Middle East

Making the Iran Nuclear Deal Great Again

Trump doesn't need to tear up the pact. He just needs to enforce it in ways Obama refused to.

What's not to trust?

Photographer: Atta Kenare/AFP/Getty Images

President Barack Obama's signature foreign policy achievement, the Iran nuclear deal, is in trouble. On Wednesday, the International Atomic Energy Agency noted that Iran had exceeded its allowed stockpile of "heavy water," a substance used to cool plutonium reactors, for the second time since the agreement went into effect.

When this happened in February, the Obama administration lent a hand, agreeing to purchase the excess material to get Iran back into compliance. This time around, it's resorting to semantics. State Department spokesman Mark Toner says the non-compliance was not a "violation" of the agreement, which would in theory trigger a process to re-impose sanctions. He said the Iranians were working quickly with other parties to resolve the issue.

If Hillary Clinton had won the election, the excess heavy water would likely remain in the non-compliance category. But Donald Trump will be the next president, and he has promised to enforce the 2015 deal with vigor.

His campaign's Israel advisory committee released a statement this month saying: "The U.S. must counteract Iran’s ongoing violations of the Joint Comprehensive Plan of Action regarding Iran’s quest for nuclear weapons and their noncompliance with past and present sanctions." The statement also promised that Trump would implement new sanctions to check Iranian threats to its neighbors and continued proliferation.

Republicans on Thursday told me that Iran's most recent violations would receive more scrutiny from a Trump administration than from the current one. "It's no surprise that Iran is once again testing the limits of the nuclear deal to see what it can get away with," Senator Tom Cotton of Arkansas, a Republican and early supporter of Trump told me. "The Obama administration encouraged exactly this behavior when it bought $8.6 million worth of Iran's heavy water and subsidized Iran's nuclear program."

Last year, Cotton organized a letter from his Republican colleagues in the Senate to Iran's leaders, warning that the next president had the discretion to implement or ignore the nuclear agreement Obama's diplomats were then negotiating. Shortly thereafter, Iran's foreign minister, Javad Zarif, disclosed that the U.S. and its partners were planning to enshrine the sanctions relief of the agreement in a U.N. Security Council resolution. (The White House did not send the nuclear deal to the Senate as a treaty, where it would have needed a two-thirds majority for ratification.)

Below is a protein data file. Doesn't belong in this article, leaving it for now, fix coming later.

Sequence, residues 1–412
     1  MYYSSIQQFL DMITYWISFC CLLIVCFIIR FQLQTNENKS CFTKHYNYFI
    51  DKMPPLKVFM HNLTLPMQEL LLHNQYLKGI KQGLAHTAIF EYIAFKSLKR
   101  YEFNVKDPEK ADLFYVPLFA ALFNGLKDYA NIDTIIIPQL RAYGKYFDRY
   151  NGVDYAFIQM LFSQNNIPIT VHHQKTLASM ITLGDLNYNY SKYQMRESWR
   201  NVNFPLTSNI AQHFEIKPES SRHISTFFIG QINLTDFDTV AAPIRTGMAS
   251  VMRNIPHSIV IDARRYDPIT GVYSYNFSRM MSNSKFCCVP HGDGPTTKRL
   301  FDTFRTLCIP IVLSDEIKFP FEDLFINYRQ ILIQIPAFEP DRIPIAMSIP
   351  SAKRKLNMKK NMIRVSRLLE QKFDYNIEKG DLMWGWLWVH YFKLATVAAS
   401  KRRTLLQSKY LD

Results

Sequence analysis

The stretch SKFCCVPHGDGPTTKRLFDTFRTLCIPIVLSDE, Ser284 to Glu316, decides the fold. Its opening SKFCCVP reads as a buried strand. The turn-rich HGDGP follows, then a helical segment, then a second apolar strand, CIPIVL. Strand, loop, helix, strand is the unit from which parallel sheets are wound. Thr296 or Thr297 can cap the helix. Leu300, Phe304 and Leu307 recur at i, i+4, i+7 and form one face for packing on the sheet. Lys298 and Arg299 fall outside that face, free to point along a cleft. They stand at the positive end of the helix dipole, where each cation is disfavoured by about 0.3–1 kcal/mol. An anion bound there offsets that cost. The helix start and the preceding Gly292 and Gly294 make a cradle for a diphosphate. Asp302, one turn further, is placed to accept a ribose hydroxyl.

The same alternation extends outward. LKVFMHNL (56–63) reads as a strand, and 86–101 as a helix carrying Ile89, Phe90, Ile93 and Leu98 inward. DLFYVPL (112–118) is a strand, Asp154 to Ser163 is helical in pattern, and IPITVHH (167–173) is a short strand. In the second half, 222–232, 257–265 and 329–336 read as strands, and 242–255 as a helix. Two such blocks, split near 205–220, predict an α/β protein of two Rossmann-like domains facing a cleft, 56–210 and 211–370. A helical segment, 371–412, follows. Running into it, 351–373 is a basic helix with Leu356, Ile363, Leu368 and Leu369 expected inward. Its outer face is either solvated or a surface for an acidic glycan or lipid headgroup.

Now there is great uncertainty about what exactly Trump will do when he is sworn into office. Cotton said, "In January, a President Trump and a Republican Congress will begin a new policy of resolve toward Iran's ayatollahs." Other Republicans I spoke with on Thursday were not convinced that Trump would tear up the agreement, as many Republican candidates in the primary promised to do.

One reason for this is that the U.S. has already made good on most of its obligations: dismantling nuclear sanctions. The U.S. has also paid Iran in cash for a settlement of claims regarding a U.S. arms sale to the regime deposed in 1979. Other revenue owed to Iran for oil sales were unfrozen. Thus, at this point, a clear statement from the U.S. that it was abandoning the nuclear agreement would only affect Iran's obligations, such as international monitoring of its nuclear program and temporary limits on its centrifuge production and stockpile of nuclear fuel.

But it's also likely that Trump will end Obama's policy of going beyond the nuclear agreement to keep Iran happy. Since the implementation of the deal in January, Secretary of State John Kerry has assured European banks that it was now safe to invest in Iran without fear of U.S. retribution. As Kerry said in June: "I have personally gone beyond the absolute requirements of lifting the sanctions to personally engage with banks and businesses and others who have a natural reluctance after several years of sanctions to move without fully understanding what they are allowed to do and what they aren’t allowed."

The Obama administration has also tried to block the renewal of sanctions legislation in Congress against Iran. And it chose not to punish Iran for missile tests, aggressive naval maneuvers in the Persian Gulf, or its detention and jailing of more American citizens.

Representative Mike Pompeo, a Republican who supported Trump in the general election, told me, "I think the Trump administration should say clearly, 'we have permitted Iran to engage in behavior that goes beyond the deal,' such as missile tests and how they have handled nuclear material," and to signal those days are now over.     

He added that the new administration should pledge to "enforce the deal fairly, but in rigorous detail," and not allow the agreement to be a "bar to enforcement of sanctions."

Advocates of the Iran nuclear deal have worried that such an approach would weaken Iran's president and foreign minister, who support the deal they negotiated inside their own regime. Without extra efforts like Obama's, Iran will be tempted to walk away from the agreement altogether.

A president Donald Trump will almost certainly test this hypothesis. But it's worth asking who is to blame if the Iranians do walk away from the agreement because the U.S. president actually enforces its terms. Will it be Trump or Iran who has wrecked Obama's foreign policy legacy?

This column does not necessarily reflect the opinion of the editorial board or Bloomberg LP and its owners.

    To contact the author of this story:
    Eli Lake at elake1@bloomberg.net

    To contact the editor responsible for this story:
    Tobin Harshaw at tharshaw@bloomberg.net

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